ZURICH (Reuters) - Suspended FIFA President Sepp Blatter again proclaimed his innocence in a corruption scandal gripping the world soccer body as he prepares to testify this week before the group’s ethics panel.
“I will fight on for my rights and at the end of this week present my view before the adjudicatory chamber with great conviction and a firm belief in justice,” he said in a letter to FIFA members released to the media.
“I am suspended but not isolated and not at all mute.”
FIFA ethics investigators in November called for sanctions against Blatter and European (UEFA) soccer chief Michel Platini, both of whom were suspended from their posts for 90 days on Oct. 8 pending a full investigation.
Blatter reiterated that a 2 million Swiss franc ($2.02 million) payment from FIFA to Platini in 2011 -- when Blatter was running for re-election -- was legitimate and resulted from a verbal contract for work Platini had done for the organization years before.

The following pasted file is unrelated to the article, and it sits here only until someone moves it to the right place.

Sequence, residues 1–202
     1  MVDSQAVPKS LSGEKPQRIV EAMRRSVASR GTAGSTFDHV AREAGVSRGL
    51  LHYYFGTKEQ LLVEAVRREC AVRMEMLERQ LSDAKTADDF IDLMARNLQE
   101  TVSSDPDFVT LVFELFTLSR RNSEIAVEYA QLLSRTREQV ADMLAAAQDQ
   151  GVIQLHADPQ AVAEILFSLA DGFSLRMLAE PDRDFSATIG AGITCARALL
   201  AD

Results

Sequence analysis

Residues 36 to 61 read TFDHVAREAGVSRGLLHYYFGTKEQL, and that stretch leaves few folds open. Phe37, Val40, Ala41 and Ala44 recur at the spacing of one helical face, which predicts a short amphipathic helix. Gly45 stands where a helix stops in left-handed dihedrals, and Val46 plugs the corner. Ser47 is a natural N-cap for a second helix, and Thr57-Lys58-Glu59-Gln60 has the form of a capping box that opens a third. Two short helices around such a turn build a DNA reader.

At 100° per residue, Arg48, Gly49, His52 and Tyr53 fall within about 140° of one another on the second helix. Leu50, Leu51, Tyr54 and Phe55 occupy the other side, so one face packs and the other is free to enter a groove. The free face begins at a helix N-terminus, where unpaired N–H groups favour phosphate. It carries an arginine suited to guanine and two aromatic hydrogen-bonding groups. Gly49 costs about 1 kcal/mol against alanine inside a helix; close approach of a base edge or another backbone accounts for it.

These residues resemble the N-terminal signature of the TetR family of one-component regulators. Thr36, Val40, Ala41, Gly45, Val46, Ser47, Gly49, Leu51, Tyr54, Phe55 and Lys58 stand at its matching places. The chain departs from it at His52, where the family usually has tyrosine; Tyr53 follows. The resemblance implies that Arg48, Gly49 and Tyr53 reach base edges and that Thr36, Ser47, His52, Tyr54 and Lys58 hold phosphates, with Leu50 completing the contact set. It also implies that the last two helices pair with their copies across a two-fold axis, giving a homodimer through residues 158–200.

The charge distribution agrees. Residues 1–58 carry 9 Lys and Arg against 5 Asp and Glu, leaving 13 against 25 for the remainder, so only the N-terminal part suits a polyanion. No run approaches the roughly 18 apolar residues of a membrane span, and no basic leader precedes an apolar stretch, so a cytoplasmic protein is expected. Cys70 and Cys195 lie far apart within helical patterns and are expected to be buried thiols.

He said the way the ethics committee’s investigative arm had pursued the case was “tendentious and dangerous. This trial reminds me of the Inquisition,” he wrote.
Blatter is due to testify on Thursday and Platini on Friday. FIFA’s ethics panel is set to rule on their cases next week, and could impose much longer bans than the provisional suspensions if it finds the men guilty of violations.
U.S. prosecutors have charged 41 people and entities in an inquiry into soccer corruption. Soccer bosses from throughout the Americas are among the defendants in a case that prosecutors say involves $200 million in bribes and kickbacks tied to the marketing of major tournaments and matches.
Blatter is also the subject of a criminal investigation in his native Switzerland over the Platini payment.
The avalanche of corruption allegations prompted Blatter to say in June he would resign, only days after being re-elected to a fifth term. Blatter has not been charged with a crime.
Blatter’s comments came in the traditional end-of-year letter to FIFA members he has sent for 17 years, but this time on his own stationery.
Reporting by Michael Shields; Editing by Mark Heinrich